BRIEF SYNOPSIS: Following an oilfield fire sparked by a Giant out of Norse Mythology, Ted Callan finds himself forged into a weapon and pawn caught between the scheming Norse mythos survivors of Ragnarok.
PROS: Zelazny-esque dive into post-Ragnarok mythology from a blue collar perspective.
CONS: Typical first novel writing weaknesses.
BOTTOM LINE: A solid entry into the Modern Mythology subgenre of contemporary fantasy.
Druids living in Arizona? Egyptian Gods hanging out in funeral parlors in a town on the Mississippi River? A summer camp on Long Island for children of deities? Post-Singularity beings putting on a live action version of the Iliad? Authors seem to enjoy bringing mythology into our present or even into our future. It’s practically a sub-genre of Urban Fantasy. (A recent Mind Meld on SF Signal explored the phenomenon.)
Ted Callan, protagonist of Chadwick Ginther’s debut novel Thunder Road, wishes he wasn’t dropped into a modern myth story, though. Seeing a Fire Giant in its pyrotechnic fury, and the trauma of subsequently seeing it destroy his oilfield, his job, and his marriage, is bad enough. Getting turned into a mythological weapon and caught between mythological Ragnarok survivor factions is even worse. Between Fates, Loki, and Dwarves, it’s not at all clear who Callan can trust, if anyone. Or even just how to get back his normal life.
Readers sympathize with Ted’s plight because the story is written from his point of view, which gives the reading audience a good entry point into the mythological world that Ted himself is unwillingly being pulled into. Having a relatively ordinary, blue-collar guy as a protagonist was absolutely refreshing. It grounds the novel and at the same time, as Ted gets used to the changes in and around himself, so too does the audience. The worldbuilding emerges organically, especially as Ted starts to meet various mythological characters.
The book’s approach to mythology was nicely done. Many novels and stories that borrow from Norse Mythology use Ragnarok as a threat, or as a future calamity that is destined to happen, at best always on the horizon, if not being actively rushed toward. In Thunder Road, we see the world after Ragnarok has happened and devastated the Norse Pantheon. There are survivors of course, some surprising ones, and at least one that, given his nature and his instinct for survival, should surprise absolutely no one. And while he, Loki, is as about as far as you can get from the Avengers interpretation, this is a very good (and fun) version of the trickster God. Ginther uses some rather underutilized abilities and aspects of Loki in Thunder Road, all to good effect. The setting of the novel is also extremely well done. The author uses the Canadian setting, urban and back-country, to his advantage, bringing Manitoba and all of its aspects to vivid life. There are also location-based bits of humor as well, such as what is really lurking in Lake Winnipeg.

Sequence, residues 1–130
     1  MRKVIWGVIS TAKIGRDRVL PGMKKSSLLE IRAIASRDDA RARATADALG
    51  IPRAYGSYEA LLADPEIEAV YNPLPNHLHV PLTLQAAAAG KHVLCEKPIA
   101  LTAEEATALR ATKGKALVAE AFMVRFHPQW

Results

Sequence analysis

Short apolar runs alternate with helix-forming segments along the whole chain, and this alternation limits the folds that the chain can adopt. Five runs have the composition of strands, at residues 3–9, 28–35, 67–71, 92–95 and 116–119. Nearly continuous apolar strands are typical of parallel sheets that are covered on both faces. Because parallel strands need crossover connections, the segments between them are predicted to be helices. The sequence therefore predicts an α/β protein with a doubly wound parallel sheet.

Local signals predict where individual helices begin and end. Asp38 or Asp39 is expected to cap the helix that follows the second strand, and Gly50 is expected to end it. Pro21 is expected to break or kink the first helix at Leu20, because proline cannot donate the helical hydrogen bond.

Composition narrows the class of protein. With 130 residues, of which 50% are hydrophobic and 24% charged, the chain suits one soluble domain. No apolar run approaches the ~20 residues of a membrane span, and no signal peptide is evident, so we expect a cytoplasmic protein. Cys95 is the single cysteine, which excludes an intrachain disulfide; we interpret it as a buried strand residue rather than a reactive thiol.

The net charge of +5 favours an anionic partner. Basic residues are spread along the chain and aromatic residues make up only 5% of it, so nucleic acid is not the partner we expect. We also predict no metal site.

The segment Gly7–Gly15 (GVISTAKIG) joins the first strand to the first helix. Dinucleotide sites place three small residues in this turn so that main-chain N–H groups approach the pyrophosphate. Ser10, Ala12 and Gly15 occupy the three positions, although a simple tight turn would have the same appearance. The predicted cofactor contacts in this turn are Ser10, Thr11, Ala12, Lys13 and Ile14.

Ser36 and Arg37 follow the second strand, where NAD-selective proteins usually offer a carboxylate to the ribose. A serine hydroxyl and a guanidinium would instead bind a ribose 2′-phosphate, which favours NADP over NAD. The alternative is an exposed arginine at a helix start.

Thunder Road is a first novel, though, and does suffer from some of the common problems of first novels. There are some significant pacing problems where we are told quotidian things to a level of detail that often drags down the story. The author has a tendency to over-explain things that really could have been hand-waved or glossed over to get to the meat of the story. When the novel gets into conflict (both interpersonal and more physical ones) this problem abates, but the material between can be a slog to get through.
Overall, though, the novel is strong, and has been shortlisted as a nominee for the 2013 Prix Aurora Award for best Canadian novel. Sure, Modern Myth books are as common these days as lies off of Loki’s tongue. Thunder Road manages to distinguish itself and demand attention. I am extremely curious where Ginther goes with Callan’s wyrd, now that the origin story, as it were, is out of the way.